godlikeness


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god·like

 (gŏd′līk′)
adj.
Resembling or of the nature of a god or God; divine.

god′like′ness n.
American Heritage® Dictionary of the English Language, Fifth Edition. Copyright © 2016 by Houghton Mifflin Harcourt Publishing Company. Published by Houghton Mifflin Harcourt Publishing Company. All rights reserved.

godlikeness

(ˈɡɒdˌlaɪknəs)
n
(Theology) the state of resembling, or having the qualities of, a god
Collins English Dictionary – Complete and Unabridged, 12th Edition 2014 © HarperCollins Publishers 1991, 1994, 1998, 2000, 2003, 2006, 2007, 2009, 2011, 2014
References in periodicals archive ?
It is rather a question of setting on the path of greater godlikeness, which is the rationalist's way of the future.
Humans couldn't/can't resist the dream vision of their own godlikeness, or something much like it, even though they can plainly see where it got them.
Only as formed matter does matter partake of the Godlikeness of created things and beings."
According to Mjor, Fedotov's view of culture rests on the Christian idea of man created in God's image and likeness, and of the restoration (through the fruits of his creativity [tvorchestvo]) of man's Godlikeness that was lost through the Fall (95-96).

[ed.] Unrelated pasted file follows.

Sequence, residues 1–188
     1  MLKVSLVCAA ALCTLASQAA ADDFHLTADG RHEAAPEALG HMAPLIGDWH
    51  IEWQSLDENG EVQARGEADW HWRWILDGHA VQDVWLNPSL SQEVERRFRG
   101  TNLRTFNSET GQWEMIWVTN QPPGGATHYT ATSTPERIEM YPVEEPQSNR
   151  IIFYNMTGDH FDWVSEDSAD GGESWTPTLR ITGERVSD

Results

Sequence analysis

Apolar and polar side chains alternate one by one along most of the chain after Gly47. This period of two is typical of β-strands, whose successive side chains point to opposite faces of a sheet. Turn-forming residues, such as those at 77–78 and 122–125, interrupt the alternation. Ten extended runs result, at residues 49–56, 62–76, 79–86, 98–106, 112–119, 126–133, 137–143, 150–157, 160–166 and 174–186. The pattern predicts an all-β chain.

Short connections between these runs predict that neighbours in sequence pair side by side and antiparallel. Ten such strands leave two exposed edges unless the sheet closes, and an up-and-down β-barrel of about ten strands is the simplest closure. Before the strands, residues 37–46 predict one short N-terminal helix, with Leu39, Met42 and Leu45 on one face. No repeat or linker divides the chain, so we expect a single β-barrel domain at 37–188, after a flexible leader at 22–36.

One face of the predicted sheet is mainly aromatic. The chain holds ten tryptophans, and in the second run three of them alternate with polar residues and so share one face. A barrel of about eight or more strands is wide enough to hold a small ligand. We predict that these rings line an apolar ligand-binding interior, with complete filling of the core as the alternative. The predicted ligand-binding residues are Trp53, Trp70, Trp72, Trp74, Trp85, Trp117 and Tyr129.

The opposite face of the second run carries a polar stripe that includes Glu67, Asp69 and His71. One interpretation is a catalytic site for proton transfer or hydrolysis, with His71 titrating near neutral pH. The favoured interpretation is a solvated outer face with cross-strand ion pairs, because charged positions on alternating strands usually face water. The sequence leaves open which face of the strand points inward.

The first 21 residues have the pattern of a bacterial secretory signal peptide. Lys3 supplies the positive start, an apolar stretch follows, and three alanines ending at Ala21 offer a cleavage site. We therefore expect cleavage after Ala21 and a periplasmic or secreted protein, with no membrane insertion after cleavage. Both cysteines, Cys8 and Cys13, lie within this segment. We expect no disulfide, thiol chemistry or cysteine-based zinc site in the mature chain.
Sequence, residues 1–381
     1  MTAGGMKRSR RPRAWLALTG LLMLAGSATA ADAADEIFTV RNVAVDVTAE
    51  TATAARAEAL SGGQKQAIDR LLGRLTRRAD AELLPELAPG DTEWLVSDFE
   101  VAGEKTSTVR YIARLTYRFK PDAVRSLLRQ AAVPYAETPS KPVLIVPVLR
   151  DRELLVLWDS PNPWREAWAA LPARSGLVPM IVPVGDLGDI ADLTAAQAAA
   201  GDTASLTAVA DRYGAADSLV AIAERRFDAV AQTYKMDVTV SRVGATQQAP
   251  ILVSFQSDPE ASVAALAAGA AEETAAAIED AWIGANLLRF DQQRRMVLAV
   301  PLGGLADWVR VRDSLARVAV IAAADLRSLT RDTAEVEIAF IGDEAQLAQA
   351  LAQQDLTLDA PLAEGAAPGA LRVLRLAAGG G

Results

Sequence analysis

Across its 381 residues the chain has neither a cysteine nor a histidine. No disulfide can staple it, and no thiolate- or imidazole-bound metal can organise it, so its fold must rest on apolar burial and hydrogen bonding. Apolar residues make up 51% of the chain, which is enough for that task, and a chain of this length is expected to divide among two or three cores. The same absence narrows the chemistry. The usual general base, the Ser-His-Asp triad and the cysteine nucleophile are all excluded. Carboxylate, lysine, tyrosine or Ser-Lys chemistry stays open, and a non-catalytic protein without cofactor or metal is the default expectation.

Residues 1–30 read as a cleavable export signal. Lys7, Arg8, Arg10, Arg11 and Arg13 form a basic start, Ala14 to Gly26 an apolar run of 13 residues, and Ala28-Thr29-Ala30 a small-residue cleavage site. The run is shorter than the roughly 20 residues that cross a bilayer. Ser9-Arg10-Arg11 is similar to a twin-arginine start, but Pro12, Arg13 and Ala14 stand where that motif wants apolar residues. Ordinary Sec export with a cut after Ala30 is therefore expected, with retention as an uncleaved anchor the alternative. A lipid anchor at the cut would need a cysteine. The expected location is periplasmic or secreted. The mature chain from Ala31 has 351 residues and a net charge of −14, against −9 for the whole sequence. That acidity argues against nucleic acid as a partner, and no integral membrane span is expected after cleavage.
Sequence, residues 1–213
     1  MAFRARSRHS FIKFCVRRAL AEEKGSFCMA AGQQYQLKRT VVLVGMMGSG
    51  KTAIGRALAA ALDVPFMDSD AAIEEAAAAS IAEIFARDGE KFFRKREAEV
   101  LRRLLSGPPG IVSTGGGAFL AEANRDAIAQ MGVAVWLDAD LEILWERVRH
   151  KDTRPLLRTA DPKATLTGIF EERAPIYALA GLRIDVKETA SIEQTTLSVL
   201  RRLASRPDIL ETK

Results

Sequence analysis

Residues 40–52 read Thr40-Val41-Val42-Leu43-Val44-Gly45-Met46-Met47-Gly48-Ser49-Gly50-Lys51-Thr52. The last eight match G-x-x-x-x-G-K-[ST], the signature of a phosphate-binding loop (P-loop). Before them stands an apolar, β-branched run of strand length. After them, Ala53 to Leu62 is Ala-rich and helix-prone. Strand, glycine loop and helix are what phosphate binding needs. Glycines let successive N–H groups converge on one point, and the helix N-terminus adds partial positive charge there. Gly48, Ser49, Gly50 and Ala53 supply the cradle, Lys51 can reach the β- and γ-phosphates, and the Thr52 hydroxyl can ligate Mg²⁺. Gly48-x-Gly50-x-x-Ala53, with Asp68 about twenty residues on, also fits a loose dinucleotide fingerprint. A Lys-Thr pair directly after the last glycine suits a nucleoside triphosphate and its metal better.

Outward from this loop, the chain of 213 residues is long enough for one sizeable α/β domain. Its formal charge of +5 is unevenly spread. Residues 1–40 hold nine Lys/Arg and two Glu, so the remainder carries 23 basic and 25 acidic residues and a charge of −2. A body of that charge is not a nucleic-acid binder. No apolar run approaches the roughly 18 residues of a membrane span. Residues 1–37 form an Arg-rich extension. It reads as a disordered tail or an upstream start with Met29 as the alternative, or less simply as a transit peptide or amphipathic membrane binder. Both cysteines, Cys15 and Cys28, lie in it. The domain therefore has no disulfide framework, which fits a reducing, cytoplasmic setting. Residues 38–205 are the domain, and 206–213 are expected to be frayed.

(17.) Pugliese (142) discusses Ficino's individual godlikeness, employing Raymond Marchel for consultation.
As Zimmerman's narrative well demonstrates, the new aim of theosis (achieving godlikeness in Christ) animates, like the current through a running stream, the progress of the West's cultural advance: "The theological origins of humanism planted in Western consciousness a profound sense of human dignity, solidarity, freedom, and social responsibility" (113).
(22) For instance, Hellenistic ruler cult often used epiphany to emphasize the godlikeness of the king.
However, turning "away from supernatural beatitude" is to attempt to attain "Godlikeness" with one's own power, which is not possible.
(188) See KASS, supra note 59, at 249 ("Death with dignity requires absolutely that the survivors treat the human being at all times as if full godlikeness remains, up to the very end.").
Jung uses the term enantiodromia to mean "being torn asunder into pairs of opposites, which are the attributes of 'the god' and hence also of the godlike man, who owes his godlikeness to overcoming his gods."(1953, p.
Godlikeness reveals an apparent hierarchy in Aristotle's thought that Aquinas never challenges; in fact, through his interpretation he seems to affirm it.